At the 2014 MDRT annual meeting in Toronto, NU Senior Editor Warren S. Hersch interviewed Marcus Henderson, president and CEO of Henderson Financial Group, Inc. The following are excerpts of the interview.
Hersch: Tell me about your practice. How do you see the business evolving within the context of wider industry trends?
Henderson: Many life insurance and financial services firms like ours have shifted from being solo practices to multi-disciplinary, multi-advisor firms. Much of the advisor community is moving in this direction. My firm has, among other staffers, two CPAs, a CFP, plus two other advisors. We’re structuring our practice much like law firm, with senior partners.
Hersch: Do younger advisors also have a place in the firm? Are there challenges in bringing them up to speed on the skill sets they need?
Henderson: This is one of the most challenging things for us. One of our advisors, who is 27, has a lot of talent and a great pedigree. He’s developing his skills, but I imagined that he would be further along in his practice than he is now.
Hersch: Where do you see young advisors falling short? Some observers complain that young people overuse social media and therefore have underdeveloped personal communications skills. Do you share this view?
Henderson: Social media is making many young people unsocial. Their over-dependence on technology has hurt other communications skills. I hired a young advisor who had terrible hand-writing because, in school, he always typed everything on a computer keyboard. And this was someone who came from an affluent family.
Young advisors — the GenYers and Millennials — also frequently don’t understand why they can’t text or use social media in a business environment with the same ease they do personal communications. They’re perplexed as to why a text message has to be approved by compliance. So there’s a learning curve involved.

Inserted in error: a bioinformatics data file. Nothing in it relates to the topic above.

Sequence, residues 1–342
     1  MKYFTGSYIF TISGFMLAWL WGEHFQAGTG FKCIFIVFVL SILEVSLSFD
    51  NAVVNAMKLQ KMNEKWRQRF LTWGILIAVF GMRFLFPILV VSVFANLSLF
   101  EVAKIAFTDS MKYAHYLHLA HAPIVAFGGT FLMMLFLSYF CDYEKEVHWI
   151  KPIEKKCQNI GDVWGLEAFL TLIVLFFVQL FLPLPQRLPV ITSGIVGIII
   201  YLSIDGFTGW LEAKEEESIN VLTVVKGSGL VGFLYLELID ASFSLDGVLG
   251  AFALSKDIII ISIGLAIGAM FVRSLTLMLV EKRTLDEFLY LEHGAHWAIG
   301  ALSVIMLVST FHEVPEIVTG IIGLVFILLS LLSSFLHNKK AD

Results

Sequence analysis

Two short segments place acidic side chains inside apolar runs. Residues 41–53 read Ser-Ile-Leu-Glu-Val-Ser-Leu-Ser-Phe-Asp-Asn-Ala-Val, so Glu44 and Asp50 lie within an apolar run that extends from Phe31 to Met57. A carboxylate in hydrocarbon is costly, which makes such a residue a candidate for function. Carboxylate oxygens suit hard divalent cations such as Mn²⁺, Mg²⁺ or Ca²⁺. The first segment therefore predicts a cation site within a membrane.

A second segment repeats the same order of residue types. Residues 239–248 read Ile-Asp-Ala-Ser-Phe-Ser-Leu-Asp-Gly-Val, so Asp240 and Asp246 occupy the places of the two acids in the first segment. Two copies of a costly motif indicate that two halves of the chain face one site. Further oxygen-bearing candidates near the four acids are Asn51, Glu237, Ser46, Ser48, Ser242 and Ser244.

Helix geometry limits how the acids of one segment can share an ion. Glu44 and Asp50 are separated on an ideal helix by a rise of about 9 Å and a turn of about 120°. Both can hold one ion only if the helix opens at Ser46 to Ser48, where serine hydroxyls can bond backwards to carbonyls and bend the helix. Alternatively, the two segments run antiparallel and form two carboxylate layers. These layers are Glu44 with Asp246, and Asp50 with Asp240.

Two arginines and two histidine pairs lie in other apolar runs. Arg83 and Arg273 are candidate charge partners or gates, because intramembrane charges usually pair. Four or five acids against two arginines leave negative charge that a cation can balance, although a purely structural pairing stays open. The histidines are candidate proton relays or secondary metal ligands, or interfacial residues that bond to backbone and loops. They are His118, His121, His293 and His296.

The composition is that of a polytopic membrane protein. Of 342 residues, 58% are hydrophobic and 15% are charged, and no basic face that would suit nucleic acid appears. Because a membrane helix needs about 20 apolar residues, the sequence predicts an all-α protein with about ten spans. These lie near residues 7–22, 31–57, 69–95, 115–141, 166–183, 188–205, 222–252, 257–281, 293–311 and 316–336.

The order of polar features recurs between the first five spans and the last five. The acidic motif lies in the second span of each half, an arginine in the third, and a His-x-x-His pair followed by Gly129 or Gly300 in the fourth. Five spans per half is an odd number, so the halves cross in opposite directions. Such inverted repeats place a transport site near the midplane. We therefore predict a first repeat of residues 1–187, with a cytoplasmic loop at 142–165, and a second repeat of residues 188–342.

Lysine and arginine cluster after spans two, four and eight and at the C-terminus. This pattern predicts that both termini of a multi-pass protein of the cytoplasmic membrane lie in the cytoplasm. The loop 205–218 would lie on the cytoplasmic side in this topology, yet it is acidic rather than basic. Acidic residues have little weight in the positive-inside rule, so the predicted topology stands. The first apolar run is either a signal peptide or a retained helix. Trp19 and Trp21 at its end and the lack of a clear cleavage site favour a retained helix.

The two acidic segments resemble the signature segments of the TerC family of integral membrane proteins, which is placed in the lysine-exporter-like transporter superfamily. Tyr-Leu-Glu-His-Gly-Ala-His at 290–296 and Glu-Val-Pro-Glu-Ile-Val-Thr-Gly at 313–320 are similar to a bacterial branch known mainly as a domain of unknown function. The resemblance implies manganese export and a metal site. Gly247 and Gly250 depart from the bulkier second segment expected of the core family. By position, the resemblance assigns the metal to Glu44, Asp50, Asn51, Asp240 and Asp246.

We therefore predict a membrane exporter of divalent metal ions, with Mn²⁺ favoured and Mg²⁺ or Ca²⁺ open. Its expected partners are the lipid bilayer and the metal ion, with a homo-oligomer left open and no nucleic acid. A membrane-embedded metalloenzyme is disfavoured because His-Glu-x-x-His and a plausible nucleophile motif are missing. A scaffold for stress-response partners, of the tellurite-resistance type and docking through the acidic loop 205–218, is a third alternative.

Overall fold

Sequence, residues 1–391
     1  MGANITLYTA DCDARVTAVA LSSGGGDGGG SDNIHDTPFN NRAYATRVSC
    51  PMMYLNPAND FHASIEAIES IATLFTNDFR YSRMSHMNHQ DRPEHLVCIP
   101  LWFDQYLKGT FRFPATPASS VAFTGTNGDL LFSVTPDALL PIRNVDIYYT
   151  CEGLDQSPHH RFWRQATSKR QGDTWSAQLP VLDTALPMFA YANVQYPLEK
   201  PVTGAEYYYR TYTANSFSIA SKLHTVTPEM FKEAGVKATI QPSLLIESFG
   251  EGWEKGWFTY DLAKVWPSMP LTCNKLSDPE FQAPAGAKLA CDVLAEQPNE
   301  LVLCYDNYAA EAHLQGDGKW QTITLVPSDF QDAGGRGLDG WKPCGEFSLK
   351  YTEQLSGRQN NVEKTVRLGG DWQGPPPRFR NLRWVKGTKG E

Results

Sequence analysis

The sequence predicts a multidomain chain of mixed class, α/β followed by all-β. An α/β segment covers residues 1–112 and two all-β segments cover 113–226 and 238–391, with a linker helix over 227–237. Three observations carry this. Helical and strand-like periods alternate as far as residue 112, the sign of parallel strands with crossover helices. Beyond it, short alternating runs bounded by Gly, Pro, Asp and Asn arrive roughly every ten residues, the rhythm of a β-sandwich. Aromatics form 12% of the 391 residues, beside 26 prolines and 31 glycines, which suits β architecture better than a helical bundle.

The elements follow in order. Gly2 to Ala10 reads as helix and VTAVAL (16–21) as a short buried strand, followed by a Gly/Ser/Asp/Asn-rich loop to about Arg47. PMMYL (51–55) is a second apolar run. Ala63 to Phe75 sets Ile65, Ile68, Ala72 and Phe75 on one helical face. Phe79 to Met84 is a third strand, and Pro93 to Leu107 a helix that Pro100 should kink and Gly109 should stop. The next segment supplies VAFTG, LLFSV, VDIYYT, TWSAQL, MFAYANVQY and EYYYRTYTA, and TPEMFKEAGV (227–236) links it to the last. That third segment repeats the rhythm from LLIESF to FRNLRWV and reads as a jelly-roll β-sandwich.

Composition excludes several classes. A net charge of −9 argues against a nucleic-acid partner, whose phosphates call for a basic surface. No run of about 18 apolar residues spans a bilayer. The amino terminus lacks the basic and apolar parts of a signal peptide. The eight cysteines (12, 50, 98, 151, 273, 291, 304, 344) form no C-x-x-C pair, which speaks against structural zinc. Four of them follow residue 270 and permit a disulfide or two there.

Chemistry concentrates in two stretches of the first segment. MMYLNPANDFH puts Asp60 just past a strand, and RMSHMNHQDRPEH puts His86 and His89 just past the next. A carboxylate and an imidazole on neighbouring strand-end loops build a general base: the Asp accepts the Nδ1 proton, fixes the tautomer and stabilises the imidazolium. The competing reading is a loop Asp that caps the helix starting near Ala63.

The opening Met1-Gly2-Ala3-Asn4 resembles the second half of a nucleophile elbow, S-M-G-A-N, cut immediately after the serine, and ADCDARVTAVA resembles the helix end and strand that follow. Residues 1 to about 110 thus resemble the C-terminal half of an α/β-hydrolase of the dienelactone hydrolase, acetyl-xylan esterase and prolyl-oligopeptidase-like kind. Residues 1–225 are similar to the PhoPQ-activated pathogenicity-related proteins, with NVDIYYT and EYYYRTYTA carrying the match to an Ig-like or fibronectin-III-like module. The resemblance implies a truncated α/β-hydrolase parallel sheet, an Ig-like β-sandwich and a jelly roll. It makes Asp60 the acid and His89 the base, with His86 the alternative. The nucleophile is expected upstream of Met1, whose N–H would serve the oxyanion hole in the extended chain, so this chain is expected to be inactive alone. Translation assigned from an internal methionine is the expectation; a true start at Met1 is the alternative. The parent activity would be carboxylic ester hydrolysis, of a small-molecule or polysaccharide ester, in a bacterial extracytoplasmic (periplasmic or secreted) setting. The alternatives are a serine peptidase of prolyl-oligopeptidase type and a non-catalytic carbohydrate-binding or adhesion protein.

Hersch: As an older advisor, are you catering principally to clients and prospects in your age group — GenXers and late boomers?
Henderson: Yes — I work less well with younger people than I do with those my age. That said, I always have to be mindful of the three groups of folks who come to me seeking retirement or other financial planning advice.
Some overconfident prospects have to be prodded to see things differently before they change their saving and spending habits. For those with a more realistic mindset, I find that I just need to sit down with them and communicate what needs to be done. A third group of people comes to me distressed by the prospect of building a large retirement nest egg over a 10- or 15-year period. These people will do whatever I say.
Hersch: What are the top three issues you’re facing in your practice? How are you addressing with them?
Henderson: The challenges are mostly positive ones that come with a growing practice. When interfacing with younger colleagues who want to work full-time and take good care of our clients, a key challenge is just setting up my time properly to making sure we’re well positioned to assist clients fully.
Administratively, we also can use a para-planner — someone to fill the back-office gap between the office manager and the advisor whose job entails meeting with clients and prospects. The need for such para-planners is widespread in the advisor community; and that’s reflected in the high compensation for people in the position. I think the field will expand significantly, much as nurse practitioners are fulfilling a growing need in the medical community.
Finally, we’ll need to continue to leverage best practices to achieve greater synergies among our various practice specialties. In our firm, I’m the rainmaker and product guy. I have a director of financial planning who is also CPA. A third advisor handles fee-based planning, while a fourth does only retirement planning. Much like a law firm or a doctor’s office, the specialties within our firm need to be able to work together seamlessly to best serve the client.